A Tale of Two Cities.
A Tale of Two Cities.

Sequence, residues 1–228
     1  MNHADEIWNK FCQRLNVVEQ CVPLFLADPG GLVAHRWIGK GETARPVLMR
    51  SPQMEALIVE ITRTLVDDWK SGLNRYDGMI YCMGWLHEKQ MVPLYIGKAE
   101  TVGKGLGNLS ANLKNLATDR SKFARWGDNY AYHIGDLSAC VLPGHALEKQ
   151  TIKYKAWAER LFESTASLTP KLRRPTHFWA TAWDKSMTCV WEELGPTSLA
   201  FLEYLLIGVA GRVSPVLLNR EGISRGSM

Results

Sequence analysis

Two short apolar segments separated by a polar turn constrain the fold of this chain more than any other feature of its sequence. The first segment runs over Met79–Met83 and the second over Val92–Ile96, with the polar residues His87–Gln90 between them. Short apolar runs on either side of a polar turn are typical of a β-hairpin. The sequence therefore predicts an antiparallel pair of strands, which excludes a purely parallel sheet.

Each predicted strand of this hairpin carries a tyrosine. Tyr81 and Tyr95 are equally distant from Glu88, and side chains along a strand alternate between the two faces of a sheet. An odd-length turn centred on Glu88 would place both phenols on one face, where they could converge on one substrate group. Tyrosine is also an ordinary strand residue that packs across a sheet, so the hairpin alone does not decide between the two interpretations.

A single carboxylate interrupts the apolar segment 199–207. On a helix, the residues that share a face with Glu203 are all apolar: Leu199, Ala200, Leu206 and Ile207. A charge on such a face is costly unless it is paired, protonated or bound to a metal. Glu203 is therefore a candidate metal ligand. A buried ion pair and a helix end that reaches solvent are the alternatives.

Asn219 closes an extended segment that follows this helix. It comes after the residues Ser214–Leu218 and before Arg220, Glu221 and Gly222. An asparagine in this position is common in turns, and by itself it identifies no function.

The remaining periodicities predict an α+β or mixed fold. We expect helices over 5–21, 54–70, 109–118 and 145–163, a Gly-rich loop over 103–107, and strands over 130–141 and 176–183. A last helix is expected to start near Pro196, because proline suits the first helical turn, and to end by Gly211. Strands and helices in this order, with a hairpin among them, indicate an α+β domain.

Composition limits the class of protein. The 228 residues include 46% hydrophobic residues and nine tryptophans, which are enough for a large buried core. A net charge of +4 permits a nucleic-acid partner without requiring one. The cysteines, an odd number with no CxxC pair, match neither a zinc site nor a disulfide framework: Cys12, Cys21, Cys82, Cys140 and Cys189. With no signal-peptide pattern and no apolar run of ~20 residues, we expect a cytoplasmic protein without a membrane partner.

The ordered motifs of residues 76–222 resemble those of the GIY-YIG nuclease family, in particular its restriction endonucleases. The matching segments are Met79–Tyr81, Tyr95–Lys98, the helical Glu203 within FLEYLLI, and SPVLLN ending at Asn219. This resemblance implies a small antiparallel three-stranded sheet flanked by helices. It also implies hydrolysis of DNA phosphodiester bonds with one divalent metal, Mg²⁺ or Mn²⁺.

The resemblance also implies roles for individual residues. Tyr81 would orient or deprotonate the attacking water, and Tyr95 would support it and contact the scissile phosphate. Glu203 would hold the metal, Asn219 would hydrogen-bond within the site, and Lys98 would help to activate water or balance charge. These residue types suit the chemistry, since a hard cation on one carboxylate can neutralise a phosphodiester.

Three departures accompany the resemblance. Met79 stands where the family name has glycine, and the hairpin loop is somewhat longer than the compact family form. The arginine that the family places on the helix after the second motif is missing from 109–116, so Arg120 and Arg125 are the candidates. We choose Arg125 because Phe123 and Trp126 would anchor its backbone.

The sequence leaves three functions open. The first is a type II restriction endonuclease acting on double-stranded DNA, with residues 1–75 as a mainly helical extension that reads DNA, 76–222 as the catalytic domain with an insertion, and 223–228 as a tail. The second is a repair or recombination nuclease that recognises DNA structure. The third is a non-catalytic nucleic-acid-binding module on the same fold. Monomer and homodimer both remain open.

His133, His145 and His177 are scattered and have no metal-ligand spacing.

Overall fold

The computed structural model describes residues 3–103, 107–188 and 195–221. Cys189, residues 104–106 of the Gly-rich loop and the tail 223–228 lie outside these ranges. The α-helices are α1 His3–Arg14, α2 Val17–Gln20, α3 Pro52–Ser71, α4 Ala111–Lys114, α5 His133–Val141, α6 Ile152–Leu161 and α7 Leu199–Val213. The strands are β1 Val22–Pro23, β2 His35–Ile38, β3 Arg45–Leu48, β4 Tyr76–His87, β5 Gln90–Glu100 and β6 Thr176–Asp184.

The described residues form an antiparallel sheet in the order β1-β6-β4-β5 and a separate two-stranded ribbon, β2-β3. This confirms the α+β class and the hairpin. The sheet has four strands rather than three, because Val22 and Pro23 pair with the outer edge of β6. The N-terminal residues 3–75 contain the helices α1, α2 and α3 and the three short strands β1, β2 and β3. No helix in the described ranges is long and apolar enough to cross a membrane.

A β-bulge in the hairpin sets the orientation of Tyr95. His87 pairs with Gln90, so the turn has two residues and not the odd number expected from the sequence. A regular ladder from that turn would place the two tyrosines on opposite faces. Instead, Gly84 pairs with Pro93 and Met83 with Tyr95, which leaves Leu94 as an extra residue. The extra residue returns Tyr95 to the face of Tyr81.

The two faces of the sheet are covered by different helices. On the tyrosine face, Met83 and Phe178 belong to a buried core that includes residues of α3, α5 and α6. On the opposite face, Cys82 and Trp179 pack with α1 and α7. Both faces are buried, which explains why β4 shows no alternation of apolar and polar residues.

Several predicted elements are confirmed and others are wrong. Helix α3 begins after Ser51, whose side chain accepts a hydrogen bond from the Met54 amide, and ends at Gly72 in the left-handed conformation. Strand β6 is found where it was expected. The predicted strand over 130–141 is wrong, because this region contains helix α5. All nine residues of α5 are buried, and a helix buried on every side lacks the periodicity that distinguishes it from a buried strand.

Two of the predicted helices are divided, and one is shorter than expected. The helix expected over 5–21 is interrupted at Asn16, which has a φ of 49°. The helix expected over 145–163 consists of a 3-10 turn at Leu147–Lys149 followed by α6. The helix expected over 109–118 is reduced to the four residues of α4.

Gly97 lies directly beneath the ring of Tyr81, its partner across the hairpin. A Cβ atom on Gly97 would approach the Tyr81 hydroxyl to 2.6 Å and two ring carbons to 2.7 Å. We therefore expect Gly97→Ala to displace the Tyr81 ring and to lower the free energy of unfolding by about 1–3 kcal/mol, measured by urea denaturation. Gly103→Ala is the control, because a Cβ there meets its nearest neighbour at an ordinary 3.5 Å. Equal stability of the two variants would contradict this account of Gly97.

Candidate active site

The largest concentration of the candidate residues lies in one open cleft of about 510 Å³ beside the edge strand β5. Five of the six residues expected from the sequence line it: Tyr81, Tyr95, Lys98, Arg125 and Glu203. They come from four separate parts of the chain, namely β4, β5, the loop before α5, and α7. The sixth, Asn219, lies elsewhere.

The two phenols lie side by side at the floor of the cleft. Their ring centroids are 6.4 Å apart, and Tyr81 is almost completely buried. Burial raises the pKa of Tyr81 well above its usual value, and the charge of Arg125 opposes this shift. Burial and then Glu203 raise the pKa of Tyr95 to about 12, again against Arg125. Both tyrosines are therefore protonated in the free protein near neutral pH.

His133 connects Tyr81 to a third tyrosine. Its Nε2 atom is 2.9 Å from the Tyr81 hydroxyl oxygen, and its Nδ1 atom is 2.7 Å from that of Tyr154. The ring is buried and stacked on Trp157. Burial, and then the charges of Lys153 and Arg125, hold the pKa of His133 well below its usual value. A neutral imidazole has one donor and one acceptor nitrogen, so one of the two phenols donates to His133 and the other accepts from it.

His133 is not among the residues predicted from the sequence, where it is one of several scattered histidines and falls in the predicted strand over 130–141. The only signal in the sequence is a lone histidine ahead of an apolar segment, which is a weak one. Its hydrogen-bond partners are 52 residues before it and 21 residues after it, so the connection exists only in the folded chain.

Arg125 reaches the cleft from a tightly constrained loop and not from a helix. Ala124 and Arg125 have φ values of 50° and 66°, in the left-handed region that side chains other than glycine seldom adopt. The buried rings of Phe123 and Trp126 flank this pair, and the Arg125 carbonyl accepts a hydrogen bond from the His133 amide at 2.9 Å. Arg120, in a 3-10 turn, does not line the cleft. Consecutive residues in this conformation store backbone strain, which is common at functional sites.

A Tale of Two Cities. Article by Malcolm Thompson BEd (Hons). ‘It was the best of times, it was the worst of times’. No, seriously folks, back to art. The simple fact is if you live in a Catholic country you would expect most of the very best art to be in the churches. Take the Vatican for example and the Sistine Chapel ceiling by Michelangelo, (or was it Charlton Heston)? Catholic countries are full to the brim of this kind of work. Here in Spain we are lucky to have two world class and utterly exceptional works of Baroque and Renaissance church decoration. One of them is right on your doorstep the other is a little further away. So let’s begin with the nearest one in Orihuela. Contained in this sleepy backwater is the most jaw dropping place of worship you are ever likely to see; ‘The Colegio Santo Domingo’ on the Calle Adolfo Claravana. Once you’ve been to Tourist Info and located the place, take your courage in both hands and boldly walk in through the ornate main front door. Go straight ahead across the vestibule and through a pair of glazed wooden doors and you might find the custodian sitting at a simple wooden table and chair reading his morning newspaper. As you enter he looks up and in your very best Spanish you ask him if it is possible to look at the church por favour? There will be a jangling of keys and a flick of the head that indicates you must follow him. You all walk along the cloister and on your left he opens a pair of giant iron studded oak doors and signals you to follow him. Inside you are confronted with walls and ceilings crusted and covered in gold and paint. Even if you’ve been in lots of Catholic churches in the past you won’t have seen anything quite like this before in Spain or maybe ever. Look up; there is a lot to take in, this is very far from your average Baroque church. It was built in the 17thC as part of Orihuela University. But I’m going to let the nice Tourist Info people give you all the bumf you need. (Ask about the ‘Cultural Walkway’ while you’re in there). If you decide to go my advice is park at the Centro Comercial Ociopia, a short distance from the N-340 and well signposted. Walk into town. It’s not too far. Church number two is Toledo Cathedral. Last month my wife and I went to the Museo Del Prado in Madrid to see the ‘Turner’ exhibition. We stayed in Toledo for a few days on the way home. The whole town of Toledo is a monument and we certainly had our fill of El Greco but the Cathedral is definitely something special. The main chapel houses the most sumptuous work of the Spanish Renaissance; a huge carved and painted screen called ‘El Transparente’. This densely decorated screen is ornate beyond ornate and crammed with saints, coloured and gilded and rising all the way to the roof. If you ever wondered what happened to all the Spanish gold from South America I might be able to give you a clue. It went to the Catholic Church. This kind of highly decorated work is impossible to take in at one glance; one can only form an impression of the overall effect. Lit from above with saints and angels looking down, ones sense of drama is heightened. Moving on, the rest of the church equals any other in Europe including Notre Dame du Paris. The audio guide was very good and in English. Having said all of that, the thing I like best about churches is that there is no shortage of seating. Phew! (Pun intended).